The History Of Dairy Farming
At some point in history, humans didn’t drink milk after their childhood period. In the case of mammals, they tend to stop as well when they move on into adulthood. For better words, our ancestors didn’t digest milk and even in today’s society, some adults still can’t digest lactose, the milk sugar.
In the European nation, most people have the gene that is needed to digest it. However, it was only around 7500 years ago that this genetic change in humans occurred. Since they were now able to digest milk and other substances without becoming sick, their overall health improved greatly.
This was a big deal since civilization was no longer dependant on crops alone. Hence, in the middle of crisis and crop failure, milk was the next best thing. This just simply means that milk was the ultimate alternative and it became even more reliable than water supplies that often got contaminated.
Due to this, the co-evolution of a newfound tolerance and farming dairy worked out pretty well. Thus far, there are almost 264 million cows around the globe in specially crafted dairy farms. Even with these alarming numbers, persons with Native American, African and even Asian ancestry can still develop lactose intolerance when they step into their adult years.
However, lactose intolerance issues in persons can get as high as over 70%. Persons suffering from lactose intolerance tend to experience, bloating, abdominal cramps and diarrhoea. In most instances, they never fully figure out the reason behind their suffering.
What Is Dairy Farming?
Simply put, dairy farming requires the exploitation of a cows reproductive system. This is done to meet the demands of milk by the growing population. Have you ever why we milk cows alone and not other animals? The answer to this is simple and it has nothing to do with sustainability or taste.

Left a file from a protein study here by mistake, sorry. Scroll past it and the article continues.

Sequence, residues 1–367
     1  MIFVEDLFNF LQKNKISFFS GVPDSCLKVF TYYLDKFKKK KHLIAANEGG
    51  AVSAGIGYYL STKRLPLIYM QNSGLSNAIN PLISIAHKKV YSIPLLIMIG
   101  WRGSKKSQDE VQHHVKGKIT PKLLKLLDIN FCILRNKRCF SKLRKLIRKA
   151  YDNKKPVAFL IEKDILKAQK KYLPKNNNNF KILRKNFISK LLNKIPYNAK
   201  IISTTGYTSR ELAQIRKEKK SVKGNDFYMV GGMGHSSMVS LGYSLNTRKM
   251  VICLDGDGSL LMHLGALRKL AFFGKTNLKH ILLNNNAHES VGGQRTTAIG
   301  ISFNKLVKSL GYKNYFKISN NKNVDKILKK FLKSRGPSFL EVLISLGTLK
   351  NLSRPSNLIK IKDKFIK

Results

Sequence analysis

Cows are used because they can produce more milk. They are domesticated with ease and they produce more than enough milk.
How Does A Dairy Farm Work
Just like any other mammal, cows need to become pregnant before they can produce milk. In the case of farms, cows need to be repeatedly made pregnant for the farm to harvest the milk. However, this entire process is dependent on artificial insemination. Farmers use a pasteuriser.
With that said, it should be noted that these cows were bred with the idea of producing a more than optimal yield. While it may sound like a terrible ordeal for the animals, most humans are never truly satisfied. Humans take every drop of milk from these cows and then pull their babies away from them soon after birth. If there’s ever any empathy in us, we’ll know just how devastating this separation is for both mother and calf.
For newborn females, they’re isolated in a special hutch. In this isolation, they suffer and grieve for the comfort of their mother or their herd. In most instances, they’re also chained to the point that they’re unable to move until they’re at the age where they can be impregnated for the cycle to continue.
Since young males cannot produce milk and they don’t bulk up for beef, farmers often raise them in chained crates for the purpose of veal. However, they don’t always make it to that point in life because their flesh is usually very soft and pale. Most young male dairy cows don’t live past their first day of life and are often shot in the head since farmers don’t see the purpose of keeping them alive.